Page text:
Only three days after going online to plead for help, four-time Iditarod Trail Sled Dog Race champion Lance Mackey has the $10,000 he says he needs to go to rehab.
An iconic member of the Iditarod fraternity, the 50-year-old musher found himself this year outed by an Iditarod drug test that discovered he’d become a meth head. Well known as a significant consumer of marijuana and alcohol, Mackey used the news of the positive test for methamphetamine to confess he has a drug problem.
Not long after doing that, he turned to GoFundMe to raise the funds the “Mackey Family” said would be used to help him get clean.
An appeal apparently written by wife Jenne, said “we’re making arrangements for him to be in a program for at least 30 days, starting within the next several weeks, during which time the kennel will still need to run, dogs and handlers be cared for, and Jenne and kids have expenses covered.
“We never like to ask for help like this, but we just aren’t in the position to do any different, and the smallest amounts help immensely. Lance has been strong, kind, giving for so many years, even while often battling his own demons. We are so grateful for all those who wish to help him and our family out now, during this crucial time.”
Both mushing fans and mushers rallied to support the Fairbanks musher. Former competitor Mitch Seavey from Sterling, another Iditarod champ, chipped in $100, as did Brent Sass, an Iditarod veteran and former winner of the Yukon Quest International Sled Dog Race from Fairbanks to Whitehorse, Yukon Territory, Canada.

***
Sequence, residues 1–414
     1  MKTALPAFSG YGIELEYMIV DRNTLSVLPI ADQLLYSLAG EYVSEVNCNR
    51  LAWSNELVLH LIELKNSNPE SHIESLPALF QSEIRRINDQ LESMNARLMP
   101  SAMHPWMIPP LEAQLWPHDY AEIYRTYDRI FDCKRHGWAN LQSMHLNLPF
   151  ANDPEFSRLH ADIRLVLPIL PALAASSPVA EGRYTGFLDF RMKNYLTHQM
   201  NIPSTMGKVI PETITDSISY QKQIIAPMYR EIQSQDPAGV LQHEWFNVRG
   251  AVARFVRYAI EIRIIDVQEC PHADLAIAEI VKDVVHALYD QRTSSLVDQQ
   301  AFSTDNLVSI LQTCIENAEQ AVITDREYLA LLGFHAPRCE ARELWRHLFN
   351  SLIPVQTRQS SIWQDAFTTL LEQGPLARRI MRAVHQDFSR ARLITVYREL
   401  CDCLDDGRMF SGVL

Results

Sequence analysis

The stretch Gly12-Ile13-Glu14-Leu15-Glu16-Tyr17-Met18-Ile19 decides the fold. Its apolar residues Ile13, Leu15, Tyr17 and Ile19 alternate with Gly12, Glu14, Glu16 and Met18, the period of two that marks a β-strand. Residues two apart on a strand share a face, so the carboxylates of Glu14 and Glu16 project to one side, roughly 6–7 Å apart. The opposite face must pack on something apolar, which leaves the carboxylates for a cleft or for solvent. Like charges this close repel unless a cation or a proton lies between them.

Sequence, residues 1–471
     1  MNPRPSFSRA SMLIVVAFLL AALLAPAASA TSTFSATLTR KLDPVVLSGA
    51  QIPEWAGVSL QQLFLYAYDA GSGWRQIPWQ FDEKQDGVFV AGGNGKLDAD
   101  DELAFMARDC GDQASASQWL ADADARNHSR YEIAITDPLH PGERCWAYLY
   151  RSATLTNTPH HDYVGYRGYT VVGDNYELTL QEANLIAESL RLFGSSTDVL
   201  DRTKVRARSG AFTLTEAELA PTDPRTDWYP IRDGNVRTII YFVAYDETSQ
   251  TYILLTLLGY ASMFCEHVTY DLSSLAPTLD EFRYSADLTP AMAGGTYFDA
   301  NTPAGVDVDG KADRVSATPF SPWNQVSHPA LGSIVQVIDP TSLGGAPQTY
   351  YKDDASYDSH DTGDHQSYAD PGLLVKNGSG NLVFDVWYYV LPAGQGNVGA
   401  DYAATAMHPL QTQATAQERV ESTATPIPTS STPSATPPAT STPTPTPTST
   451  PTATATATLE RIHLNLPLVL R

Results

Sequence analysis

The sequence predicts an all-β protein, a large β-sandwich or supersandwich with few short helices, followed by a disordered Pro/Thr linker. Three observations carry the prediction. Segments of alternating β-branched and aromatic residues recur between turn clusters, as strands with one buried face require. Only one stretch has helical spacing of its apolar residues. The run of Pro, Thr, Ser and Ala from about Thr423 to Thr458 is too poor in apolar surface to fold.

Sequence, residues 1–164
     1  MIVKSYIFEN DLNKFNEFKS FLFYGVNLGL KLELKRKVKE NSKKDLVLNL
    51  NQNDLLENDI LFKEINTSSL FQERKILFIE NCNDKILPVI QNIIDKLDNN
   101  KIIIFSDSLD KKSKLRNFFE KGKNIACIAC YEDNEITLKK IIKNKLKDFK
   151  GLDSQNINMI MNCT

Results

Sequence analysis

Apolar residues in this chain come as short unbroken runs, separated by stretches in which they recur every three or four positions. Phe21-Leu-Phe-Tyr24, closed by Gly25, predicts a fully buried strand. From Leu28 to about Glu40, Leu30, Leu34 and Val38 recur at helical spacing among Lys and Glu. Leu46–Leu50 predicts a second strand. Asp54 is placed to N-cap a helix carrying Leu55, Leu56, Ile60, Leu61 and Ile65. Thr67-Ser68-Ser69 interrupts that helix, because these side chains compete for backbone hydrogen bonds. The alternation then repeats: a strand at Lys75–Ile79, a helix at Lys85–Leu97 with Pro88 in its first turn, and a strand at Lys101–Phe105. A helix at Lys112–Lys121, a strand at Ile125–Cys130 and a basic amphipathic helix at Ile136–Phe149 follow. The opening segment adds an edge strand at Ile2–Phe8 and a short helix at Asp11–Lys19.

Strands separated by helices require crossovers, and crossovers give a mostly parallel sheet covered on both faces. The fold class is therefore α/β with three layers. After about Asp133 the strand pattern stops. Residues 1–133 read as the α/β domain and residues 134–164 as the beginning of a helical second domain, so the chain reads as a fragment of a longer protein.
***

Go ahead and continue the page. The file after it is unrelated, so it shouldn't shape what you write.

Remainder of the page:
Mackey finished 21st in this year’s race and collected the $1,049 prize given all the also-rans. He was, however, forced to forfeit both the money and his finishing position after his urine test came back positive for meth.
“While this is a very unfortunate event, we hope this disqualification will be a turning point in spurring Lance on the trail to recovery,” Iditarod Board President Mike Mills later said in a carefully worded written statement. “The health of Lance is our top priority. He is one of our Iditarod heroes who is going through a tough time in his life. Most of us have been touched by addiction in some way, and we realize how painful it can be on friends and family and how very difficult addiction can be to overcome.”
The Iditarod has not said whether Mackey will be allowed back if he chooses to race next year. Mills’ name did not appear among the dozens of Mackey contributors on GoFundMe, but there were many anonymous donations.
Most of the contributions appeared be $20 to $200 contributions from longtime Iditarod fans.